02 - Mirrorheart

09 – Come Crashing Down

Curt wasn’t even sure he was breathing as he sprinted down the hall.

It was easy to ignore the looks his fellow recruits gave him as he ran – they were always giving him weird looks for one reason or another. Well. One reason. The defining reason. The only thing about him that mattered anymore. Solstice. Ex-Solstice. Monster.

The same kind of monsters likely responsible for Newbie being MIA.

He pounded his fist against the door of Ryan’s office – this wasn’t the polite and cautious knock of “Recruit Curt”. This wasn’t the knock he gave when he secretly hoped that Ryan wouldn’t open the door.

His phone buzzed, but he ignored it.

He slammed his fist against the door again and wondered if it was possible to kick in the door of an agent’s office when they didn’t want to be bothered.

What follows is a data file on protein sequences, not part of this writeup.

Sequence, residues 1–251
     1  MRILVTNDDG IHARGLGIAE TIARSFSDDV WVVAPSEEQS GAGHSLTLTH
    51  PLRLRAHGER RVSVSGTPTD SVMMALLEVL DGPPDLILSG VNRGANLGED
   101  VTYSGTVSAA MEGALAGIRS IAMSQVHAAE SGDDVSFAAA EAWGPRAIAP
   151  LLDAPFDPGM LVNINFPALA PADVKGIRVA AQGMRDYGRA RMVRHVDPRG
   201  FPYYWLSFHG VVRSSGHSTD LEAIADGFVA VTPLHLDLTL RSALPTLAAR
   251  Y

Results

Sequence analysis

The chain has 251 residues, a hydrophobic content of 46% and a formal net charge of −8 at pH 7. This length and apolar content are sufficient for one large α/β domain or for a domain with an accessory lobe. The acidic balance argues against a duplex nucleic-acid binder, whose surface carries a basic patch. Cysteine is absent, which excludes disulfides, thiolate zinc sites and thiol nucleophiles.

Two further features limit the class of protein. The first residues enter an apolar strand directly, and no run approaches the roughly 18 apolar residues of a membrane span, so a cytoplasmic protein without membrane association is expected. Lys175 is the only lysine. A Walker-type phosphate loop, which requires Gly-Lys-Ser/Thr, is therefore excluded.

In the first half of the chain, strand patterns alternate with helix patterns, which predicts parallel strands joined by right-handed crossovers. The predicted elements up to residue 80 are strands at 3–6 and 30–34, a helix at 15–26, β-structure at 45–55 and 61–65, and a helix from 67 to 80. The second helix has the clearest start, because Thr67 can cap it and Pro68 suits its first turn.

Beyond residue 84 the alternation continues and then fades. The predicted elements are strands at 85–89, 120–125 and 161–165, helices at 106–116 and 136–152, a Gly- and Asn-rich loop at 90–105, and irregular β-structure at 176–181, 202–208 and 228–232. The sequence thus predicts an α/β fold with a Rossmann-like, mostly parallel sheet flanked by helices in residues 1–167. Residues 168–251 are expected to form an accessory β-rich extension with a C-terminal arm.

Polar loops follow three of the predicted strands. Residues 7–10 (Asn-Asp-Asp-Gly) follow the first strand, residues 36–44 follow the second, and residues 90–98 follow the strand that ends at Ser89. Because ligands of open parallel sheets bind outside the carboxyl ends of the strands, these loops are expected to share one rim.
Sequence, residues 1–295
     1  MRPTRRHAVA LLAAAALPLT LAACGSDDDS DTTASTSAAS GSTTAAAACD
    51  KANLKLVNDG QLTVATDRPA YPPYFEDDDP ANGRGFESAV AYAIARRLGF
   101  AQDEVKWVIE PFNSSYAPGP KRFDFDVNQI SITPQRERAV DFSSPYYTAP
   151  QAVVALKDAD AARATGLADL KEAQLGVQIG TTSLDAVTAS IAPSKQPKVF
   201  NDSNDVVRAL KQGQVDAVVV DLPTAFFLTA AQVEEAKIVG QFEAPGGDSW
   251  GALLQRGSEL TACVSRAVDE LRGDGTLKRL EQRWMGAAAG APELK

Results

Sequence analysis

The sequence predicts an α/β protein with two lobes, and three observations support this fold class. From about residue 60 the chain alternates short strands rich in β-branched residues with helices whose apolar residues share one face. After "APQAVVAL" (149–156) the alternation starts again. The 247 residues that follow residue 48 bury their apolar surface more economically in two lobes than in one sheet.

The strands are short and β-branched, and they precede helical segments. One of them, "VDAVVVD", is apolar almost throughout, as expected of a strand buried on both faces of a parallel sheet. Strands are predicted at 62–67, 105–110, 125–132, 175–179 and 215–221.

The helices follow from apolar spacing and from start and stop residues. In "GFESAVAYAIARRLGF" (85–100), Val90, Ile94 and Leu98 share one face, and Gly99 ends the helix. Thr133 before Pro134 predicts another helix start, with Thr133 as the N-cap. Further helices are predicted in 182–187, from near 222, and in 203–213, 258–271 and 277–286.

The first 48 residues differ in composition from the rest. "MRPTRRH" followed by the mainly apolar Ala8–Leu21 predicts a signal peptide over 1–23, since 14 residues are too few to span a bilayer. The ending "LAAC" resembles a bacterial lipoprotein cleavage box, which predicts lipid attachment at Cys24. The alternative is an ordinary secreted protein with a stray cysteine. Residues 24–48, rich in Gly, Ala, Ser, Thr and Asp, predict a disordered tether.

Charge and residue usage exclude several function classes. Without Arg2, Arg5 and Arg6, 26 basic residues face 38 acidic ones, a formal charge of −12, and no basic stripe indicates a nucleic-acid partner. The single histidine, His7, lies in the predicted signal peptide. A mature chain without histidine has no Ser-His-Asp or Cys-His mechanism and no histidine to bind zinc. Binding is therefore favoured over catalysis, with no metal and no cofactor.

If Ryan was there – he’d made an assumption and-

‘Fucking idiot,’ he growled to himself as he yanked his Agency phone out of his pocket, ready to do a quick search and see what Ryan’s current listed location was, and if-

The buzz had been a text message from Ryan. He double-tapped it to open it, and anger started to twist around the panic.

{I’m otherwise engaged, Recruit. Please return at another time.}

He shoved the phone back into his pocket and grabbed the door handle. ‘I’ve seen the full MIA list!’ he shouted through the door. ‘I know she’s missing!’ He shook the handle. ‘Goddammit,’ he said, more to the door than Ryan, ‘let me help.’

After too many thundering heartbeats, he felt the door unlock, and he stumbled over his feet as he rushed into the office, slamming the door behind him.

Something was wrong.

Everything was wrong.